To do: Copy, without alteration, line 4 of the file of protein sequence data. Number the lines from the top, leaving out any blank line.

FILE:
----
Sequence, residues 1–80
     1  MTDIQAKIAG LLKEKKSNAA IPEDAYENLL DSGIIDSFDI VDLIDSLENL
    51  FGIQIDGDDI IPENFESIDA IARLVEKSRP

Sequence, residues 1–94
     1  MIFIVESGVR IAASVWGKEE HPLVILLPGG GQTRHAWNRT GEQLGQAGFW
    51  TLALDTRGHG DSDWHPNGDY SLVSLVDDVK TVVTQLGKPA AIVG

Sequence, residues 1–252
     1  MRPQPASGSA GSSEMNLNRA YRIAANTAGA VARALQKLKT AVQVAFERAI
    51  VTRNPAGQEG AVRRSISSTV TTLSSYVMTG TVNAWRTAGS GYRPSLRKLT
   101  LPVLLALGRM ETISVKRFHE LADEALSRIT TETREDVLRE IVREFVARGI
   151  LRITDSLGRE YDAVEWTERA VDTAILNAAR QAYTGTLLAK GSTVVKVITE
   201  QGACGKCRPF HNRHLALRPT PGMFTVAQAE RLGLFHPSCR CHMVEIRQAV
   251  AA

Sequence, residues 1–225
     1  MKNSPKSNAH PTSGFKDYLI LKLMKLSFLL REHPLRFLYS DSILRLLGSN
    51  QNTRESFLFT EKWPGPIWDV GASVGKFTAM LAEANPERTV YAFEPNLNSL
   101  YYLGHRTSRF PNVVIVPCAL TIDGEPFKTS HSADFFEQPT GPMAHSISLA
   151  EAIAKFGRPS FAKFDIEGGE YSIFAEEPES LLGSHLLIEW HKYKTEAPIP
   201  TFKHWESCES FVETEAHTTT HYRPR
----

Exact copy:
Sequence, residues 1–94